Covering live poker tournaments for a living affords me the opportunity to see countless thousands of hands played out, many of which offer interesting and potentially valuable insights into how players — both amateurs and professionals — play the game. In this ongoing series, I'll highlight hands I've seen at the tournaments I've covered and see if we can glean anything useful from them.
Last week, we looked over a hand from the 2016 World Series of Poker Main Event that aired on Episode 5 of the coverage. This week, there was one more hand from that same episode I wanted to discuss.
The hand occurred on Day 5 when there were just over 100 players left from the starting field of 6,737. There was unknown action preceding the cameras showing up, but the pot was at 285,000 with blinds of 25,000/50,000/5,000. Both players in this hand were playing north of 6 million, so they were very deep, with Andrei Konopelko acting first and Michael Niwinski having position
The board read on fourth street, and with Konopelko bet 80,000. Niwinski, holding , called the bet, bringing the pot to 445,000.
The river was the , putting five spades on the board. Konopelko bet again, this time 135,000. Niwinski raised to 455,000, and Konopelko folded, ceding the pot of a little over 1 million to Niwinski.
Concept and Analysis
This hand is a great example of how tournaments sometimes require adjustments on the fly. It also shows how it is important to have the flexibility to change a plan even within a single hand.
For starters, Niwinski calls a small bet on the turn with a very marginal hand. He has to figure top pair might be best, and if not, there's plenty of room to maneuver with position and possibly turn his hand into a bluff on the river regardless of what falls.
Remember, Konopelko bet 80,000 into a pot of 285,000, and the players have plenty of chips back as each started the hand with well over 100 big blinds. Thus, Niwinski can call without fear that he's going to be facing a massive, stack-altering bet on the river. This, by the way, is the "hammer" concept outlined by David Sklansky and Ed Miller in their book No-Limit Hold'em Theory and Practice.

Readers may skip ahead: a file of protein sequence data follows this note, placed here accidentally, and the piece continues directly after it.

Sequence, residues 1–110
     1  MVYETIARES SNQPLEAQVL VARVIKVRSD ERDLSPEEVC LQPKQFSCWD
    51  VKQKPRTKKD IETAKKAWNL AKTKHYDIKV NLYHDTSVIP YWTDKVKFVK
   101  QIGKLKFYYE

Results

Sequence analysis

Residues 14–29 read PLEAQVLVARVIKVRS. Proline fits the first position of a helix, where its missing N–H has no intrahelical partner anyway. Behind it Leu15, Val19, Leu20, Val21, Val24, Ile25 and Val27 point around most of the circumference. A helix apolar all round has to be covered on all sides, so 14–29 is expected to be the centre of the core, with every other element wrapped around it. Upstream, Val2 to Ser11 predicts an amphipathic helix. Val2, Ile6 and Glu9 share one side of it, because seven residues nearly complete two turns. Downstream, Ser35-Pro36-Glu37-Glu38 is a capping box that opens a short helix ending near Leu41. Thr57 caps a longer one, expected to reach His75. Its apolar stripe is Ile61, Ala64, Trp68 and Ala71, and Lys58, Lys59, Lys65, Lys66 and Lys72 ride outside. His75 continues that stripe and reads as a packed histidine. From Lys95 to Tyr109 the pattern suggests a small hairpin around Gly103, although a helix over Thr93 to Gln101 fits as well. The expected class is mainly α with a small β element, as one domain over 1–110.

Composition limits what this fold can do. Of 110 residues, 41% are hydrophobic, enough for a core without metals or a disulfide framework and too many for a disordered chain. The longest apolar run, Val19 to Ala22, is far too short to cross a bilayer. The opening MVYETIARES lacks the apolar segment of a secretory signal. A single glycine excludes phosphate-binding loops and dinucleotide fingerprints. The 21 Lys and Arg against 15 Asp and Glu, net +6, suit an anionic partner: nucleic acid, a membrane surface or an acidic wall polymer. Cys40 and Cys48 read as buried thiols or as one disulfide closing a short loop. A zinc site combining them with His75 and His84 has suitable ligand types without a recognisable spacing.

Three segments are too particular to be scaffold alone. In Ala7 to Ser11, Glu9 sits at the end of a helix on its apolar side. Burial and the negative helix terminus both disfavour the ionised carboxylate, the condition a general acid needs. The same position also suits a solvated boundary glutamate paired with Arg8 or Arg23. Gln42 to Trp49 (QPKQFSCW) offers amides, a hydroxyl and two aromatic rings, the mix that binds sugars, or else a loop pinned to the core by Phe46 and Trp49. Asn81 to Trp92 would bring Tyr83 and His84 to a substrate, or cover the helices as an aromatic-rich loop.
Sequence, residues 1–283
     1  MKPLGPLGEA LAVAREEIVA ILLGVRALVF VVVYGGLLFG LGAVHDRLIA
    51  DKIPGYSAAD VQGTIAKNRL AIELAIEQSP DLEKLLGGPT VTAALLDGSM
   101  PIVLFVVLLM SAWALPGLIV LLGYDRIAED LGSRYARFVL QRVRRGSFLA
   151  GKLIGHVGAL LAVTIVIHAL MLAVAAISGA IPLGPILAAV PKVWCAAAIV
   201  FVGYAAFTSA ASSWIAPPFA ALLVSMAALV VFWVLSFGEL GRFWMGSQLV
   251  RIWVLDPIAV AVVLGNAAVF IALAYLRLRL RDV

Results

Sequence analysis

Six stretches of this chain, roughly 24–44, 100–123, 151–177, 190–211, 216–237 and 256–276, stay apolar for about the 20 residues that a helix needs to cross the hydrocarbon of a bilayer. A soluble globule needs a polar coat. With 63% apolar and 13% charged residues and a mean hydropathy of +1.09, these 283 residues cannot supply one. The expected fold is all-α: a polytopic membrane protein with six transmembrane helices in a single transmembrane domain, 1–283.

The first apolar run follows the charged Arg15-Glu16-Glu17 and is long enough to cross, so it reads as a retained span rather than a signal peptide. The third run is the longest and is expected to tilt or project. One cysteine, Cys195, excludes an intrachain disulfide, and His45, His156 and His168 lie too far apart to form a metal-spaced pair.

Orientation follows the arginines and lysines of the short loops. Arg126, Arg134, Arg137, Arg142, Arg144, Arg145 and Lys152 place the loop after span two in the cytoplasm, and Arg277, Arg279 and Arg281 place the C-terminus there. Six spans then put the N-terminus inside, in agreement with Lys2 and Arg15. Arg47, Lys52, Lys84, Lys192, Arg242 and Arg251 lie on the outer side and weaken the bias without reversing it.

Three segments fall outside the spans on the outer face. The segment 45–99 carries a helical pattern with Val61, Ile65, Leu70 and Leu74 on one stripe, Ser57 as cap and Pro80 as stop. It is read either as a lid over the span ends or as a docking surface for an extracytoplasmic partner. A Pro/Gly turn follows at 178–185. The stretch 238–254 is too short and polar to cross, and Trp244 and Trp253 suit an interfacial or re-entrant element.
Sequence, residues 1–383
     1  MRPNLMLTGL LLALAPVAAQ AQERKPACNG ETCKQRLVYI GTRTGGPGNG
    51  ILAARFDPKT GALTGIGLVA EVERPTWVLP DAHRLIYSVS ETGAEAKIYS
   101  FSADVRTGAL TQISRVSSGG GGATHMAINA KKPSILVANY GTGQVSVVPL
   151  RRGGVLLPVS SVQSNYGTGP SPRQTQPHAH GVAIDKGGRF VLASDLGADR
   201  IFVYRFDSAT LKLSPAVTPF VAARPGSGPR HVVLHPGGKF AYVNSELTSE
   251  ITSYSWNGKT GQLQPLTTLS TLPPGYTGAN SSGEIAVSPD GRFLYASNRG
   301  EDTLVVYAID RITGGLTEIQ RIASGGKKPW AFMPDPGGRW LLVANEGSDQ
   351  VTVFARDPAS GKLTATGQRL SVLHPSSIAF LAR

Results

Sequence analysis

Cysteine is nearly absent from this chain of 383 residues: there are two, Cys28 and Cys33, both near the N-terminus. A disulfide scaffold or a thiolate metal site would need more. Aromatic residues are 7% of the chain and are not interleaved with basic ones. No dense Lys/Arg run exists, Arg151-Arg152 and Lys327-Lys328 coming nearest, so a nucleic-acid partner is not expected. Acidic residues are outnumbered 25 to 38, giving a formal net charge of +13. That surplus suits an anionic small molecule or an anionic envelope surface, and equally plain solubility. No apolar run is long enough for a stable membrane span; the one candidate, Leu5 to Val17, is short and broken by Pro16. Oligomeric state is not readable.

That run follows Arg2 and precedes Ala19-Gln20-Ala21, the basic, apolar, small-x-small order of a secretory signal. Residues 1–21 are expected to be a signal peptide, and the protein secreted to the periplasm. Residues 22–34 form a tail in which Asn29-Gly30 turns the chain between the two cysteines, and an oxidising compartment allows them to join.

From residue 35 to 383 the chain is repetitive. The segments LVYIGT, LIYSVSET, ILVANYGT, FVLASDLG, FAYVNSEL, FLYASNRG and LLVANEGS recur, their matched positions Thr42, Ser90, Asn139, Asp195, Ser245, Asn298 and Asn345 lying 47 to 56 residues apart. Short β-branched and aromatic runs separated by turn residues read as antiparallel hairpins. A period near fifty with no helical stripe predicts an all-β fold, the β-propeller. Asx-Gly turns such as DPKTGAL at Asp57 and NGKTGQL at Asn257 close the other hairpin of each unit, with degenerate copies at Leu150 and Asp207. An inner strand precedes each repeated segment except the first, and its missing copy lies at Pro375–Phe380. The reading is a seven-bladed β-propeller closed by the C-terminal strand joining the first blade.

When the river brings the for a final board of , giving both players an obvious flush, things get really interesting. Konopelko decides to bet 135,000 into 445,000 — a very small bet.
I don't really like this sizing for the most part. It's hard to see Konopelko betting like that with a big spade — wouldn't he want to get some value from his hand, at least around half-pot? If he has a mediocre spade, he's giving Niwinski more room to bluff him off of his hand with a big raise without committing too much of his stack. And if he has air, the same concept applies to a rebluff opportunity. Plus, some players might just shrug and call to try and chop.
As for Niwinski, he springs into action, sensing he has a chance to turn his top pair into a bluff, and makes a nice raise to 455,000. If Konopelko actually has the , he's going to let Niwinski know with a reraise and Niwinski can dump the hand, still comfortably sitting on a large stack. If Konopelko has any other spade, it's a very tough call as Niwinski could presumably have plenty of big spades in his range given that he's in the hand with a couple of Broadway cards as it is.
This bluff would be a lot dicier if stacks were shallower, as Niwinski would have had less fold equity and would have been committing more of his stack, damaging his tournament equity if the bluff failed. But Niwinski correctly realized there was so much money behind that he could represent a variety of hands based on his opponent's river play. Maybe he had the best hand, and maybe Konopelko would offer up a chance to turn his hand into a bluff based on bet sizing and reads.
Niwinski showed how being flexible when in position with deep stacks can lead to profitable scenarios. They say it's best to have a plan, and it often is. But be ready to adjust that plan when circumstances allow.
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